Where I live in California, near the beach, you are warned about the possibility of being caught in a riptide when swimming in the ocean. A riptide takes hold of you and pulls you down and sucks you away from shore. It is unexpected and exhausting, even for the best swimmers. It’s as if you’re on a treadmill; you’re going as fast as you can, but getting nowhere. It’s imperative to stay calm, swim away from the shore (which is against your natural instinct), but once the pull lessens, you can swim parallel to the shore. Then, when you feel no pull outwards, you can swim towards safety. It’s scary because you feel vulnerable and alone. You have to be patient and you have to believe you can do it, even when you are beyond tired and want to give up.
Eventually you have to get through divorce, even if you doubt you can. With clearer insight gained from distance and time (and the help of good therapists, friends, and family), I have become — slowly but surely — a person who wants and deserves better. No longer is turmoil, sadness, disrespect, and dishonesty acceptable. Grief is tiring; you lose sleep and it scars your soul as well as your face. I knew I no longer wanted to live in that state of mind or body.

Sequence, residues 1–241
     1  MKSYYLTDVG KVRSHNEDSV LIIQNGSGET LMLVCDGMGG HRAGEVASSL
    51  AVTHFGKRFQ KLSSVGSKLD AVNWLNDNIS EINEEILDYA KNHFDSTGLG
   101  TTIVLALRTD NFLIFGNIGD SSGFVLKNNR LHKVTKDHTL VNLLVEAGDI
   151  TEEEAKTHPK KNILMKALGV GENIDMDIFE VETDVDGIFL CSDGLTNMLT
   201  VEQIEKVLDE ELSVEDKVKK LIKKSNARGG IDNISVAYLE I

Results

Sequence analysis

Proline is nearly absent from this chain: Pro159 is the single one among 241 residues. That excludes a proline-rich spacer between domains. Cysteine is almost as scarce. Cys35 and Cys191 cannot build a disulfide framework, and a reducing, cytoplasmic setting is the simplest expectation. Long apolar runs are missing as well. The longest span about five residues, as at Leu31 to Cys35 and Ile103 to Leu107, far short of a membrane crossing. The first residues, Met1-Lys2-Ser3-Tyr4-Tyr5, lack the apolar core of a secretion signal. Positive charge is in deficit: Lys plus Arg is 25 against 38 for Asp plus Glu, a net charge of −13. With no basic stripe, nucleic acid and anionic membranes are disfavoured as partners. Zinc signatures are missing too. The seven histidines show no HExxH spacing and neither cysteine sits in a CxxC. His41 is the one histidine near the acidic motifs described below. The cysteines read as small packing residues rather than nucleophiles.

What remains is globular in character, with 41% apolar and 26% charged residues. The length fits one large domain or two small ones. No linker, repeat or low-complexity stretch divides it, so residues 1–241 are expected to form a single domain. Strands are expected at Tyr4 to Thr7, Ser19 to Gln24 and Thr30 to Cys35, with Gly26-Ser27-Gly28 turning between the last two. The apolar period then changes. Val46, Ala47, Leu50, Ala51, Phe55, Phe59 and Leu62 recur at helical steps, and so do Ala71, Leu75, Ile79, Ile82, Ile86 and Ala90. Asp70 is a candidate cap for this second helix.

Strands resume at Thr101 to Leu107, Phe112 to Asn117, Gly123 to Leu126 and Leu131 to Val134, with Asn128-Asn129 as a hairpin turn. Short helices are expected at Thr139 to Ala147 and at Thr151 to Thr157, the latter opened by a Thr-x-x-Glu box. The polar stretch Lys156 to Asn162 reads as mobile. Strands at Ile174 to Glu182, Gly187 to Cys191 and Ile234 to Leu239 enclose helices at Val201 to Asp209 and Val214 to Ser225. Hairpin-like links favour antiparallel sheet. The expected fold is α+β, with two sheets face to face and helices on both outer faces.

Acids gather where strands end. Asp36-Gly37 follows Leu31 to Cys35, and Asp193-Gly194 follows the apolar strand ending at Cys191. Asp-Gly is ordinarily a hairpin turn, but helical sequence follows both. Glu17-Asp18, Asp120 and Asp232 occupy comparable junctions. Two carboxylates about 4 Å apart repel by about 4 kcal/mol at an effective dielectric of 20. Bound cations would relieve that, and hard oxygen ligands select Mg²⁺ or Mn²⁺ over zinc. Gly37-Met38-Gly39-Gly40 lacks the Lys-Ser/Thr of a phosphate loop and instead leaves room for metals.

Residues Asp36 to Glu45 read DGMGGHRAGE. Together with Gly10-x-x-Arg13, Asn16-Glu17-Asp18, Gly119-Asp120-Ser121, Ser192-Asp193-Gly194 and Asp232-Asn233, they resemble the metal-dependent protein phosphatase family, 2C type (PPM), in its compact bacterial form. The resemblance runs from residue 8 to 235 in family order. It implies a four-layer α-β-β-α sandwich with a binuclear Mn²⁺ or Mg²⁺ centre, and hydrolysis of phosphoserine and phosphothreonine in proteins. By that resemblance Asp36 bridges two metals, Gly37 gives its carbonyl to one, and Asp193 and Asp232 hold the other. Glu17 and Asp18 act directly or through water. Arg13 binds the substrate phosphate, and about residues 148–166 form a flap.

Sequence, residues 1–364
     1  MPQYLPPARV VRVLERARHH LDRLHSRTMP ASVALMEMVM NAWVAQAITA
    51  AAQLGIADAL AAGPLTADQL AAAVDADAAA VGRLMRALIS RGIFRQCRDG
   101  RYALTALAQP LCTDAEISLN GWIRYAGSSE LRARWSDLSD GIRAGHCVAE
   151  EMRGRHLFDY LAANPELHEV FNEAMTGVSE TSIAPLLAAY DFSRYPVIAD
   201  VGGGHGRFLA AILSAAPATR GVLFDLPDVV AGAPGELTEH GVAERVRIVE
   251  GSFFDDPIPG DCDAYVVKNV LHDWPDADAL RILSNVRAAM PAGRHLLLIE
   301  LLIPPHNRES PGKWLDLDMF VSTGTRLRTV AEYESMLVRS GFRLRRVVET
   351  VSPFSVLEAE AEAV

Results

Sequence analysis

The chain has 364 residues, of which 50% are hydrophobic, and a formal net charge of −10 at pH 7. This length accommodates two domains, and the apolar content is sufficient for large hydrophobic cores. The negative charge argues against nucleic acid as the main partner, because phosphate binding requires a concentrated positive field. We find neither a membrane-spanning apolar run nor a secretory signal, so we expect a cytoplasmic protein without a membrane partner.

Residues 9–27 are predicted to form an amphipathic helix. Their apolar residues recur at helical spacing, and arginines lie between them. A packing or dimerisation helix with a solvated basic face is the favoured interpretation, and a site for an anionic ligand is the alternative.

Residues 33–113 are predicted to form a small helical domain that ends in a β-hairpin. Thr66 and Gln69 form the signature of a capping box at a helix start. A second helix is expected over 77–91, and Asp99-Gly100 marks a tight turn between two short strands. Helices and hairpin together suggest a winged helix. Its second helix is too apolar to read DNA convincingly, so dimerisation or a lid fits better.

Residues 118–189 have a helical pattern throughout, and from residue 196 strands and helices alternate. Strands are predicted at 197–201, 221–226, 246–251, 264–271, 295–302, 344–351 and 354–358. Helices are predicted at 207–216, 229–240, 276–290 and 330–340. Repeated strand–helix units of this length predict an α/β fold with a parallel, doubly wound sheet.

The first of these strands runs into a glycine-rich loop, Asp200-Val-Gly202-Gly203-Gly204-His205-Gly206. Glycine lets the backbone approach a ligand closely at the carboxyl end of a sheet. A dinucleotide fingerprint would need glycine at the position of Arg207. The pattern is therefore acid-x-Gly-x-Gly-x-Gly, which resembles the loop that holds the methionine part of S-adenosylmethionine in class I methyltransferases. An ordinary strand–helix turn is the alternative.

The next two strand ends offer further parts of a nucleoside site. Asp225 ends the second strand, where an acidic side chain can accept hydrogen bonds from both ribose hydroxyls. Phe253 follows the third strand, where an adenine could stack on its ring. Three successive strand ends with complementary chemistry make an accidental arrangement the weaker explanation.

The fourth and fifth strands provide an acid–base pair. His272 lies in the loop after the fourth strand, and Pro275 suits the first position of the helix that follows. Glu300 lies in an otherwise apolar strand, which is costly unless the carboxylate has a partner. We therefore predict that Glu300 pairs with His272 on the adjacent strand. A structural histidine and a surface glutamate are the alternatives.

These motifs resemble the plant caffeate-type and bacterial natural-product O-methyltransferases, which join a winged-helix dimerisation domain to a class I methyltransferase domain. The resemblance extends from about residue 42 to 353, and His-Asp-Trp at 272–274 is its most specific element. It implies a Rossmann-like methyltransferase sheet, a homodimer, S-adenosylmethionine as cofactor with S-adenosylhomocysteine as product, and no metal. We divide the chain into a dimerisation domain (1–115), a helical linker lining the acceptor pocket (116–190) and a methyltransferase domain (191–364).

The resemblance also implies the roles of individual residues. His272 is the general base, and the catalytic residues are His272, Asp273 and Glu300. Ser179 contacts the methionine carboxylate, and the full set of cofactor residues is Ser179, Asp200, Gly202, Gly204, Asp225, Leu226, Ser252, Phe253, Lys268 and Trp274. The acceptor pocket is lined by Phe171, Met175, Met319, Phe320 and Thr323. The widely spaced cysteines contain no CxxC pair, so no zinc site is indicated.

When stopped being so grief-stricken over my divorce, I concluded the following:
1. Life is short and the opportunity to be happy or fulfilled or valued by yourself is essential to living a happy life. For me, it was time to get to living a happy life, pronto.
2. Sometimes you have to fake it until you make it — a good motto to live by. Eventually, by acting happy, you actually begin to feel happy. I became worn out being so unhappy; it was no way to treat myself. I was sinking into negativism and worried I was entering the point of no return.
3. Without a doubt, the sadness and the pain make you old before your time. It shows in your eyes and on your body, how you walk, and in the way you present yourself to the world. In the last year since I filed for divorce, I’ve worked on the inside of me as well as the outside believing it would come together and I would become a whole, better, more fulfilled person. I believe it’s working.
4. You have to have a clear mind to proceed, to achieve, and to be there for the people who matter — your children, their future children, family and friends. Like that movie with Cher, when she slaps Nicholas Cage and tells him to “snap out of it”, I kind of do the same thing to myself. I give myself a good verbal slap across my psyche to snap the hell out of it, sometimes several times a day.
5. Of course the best reason to be happy? It’s the best revenge! You cannot put a price on it. (Though a divorce attorney certainly can.)
I did not like the person I had become in my marriage, and I did not want to continue to feel victimized after the marriage. I spent far too many years of my life and energy helping someone who squandered everything — our family, his career — on immensely bad judgement. I no longer have any excuses not to pursue my own goals. The only thing I have in life is power over me and I remind myself how powerful I am against any tide.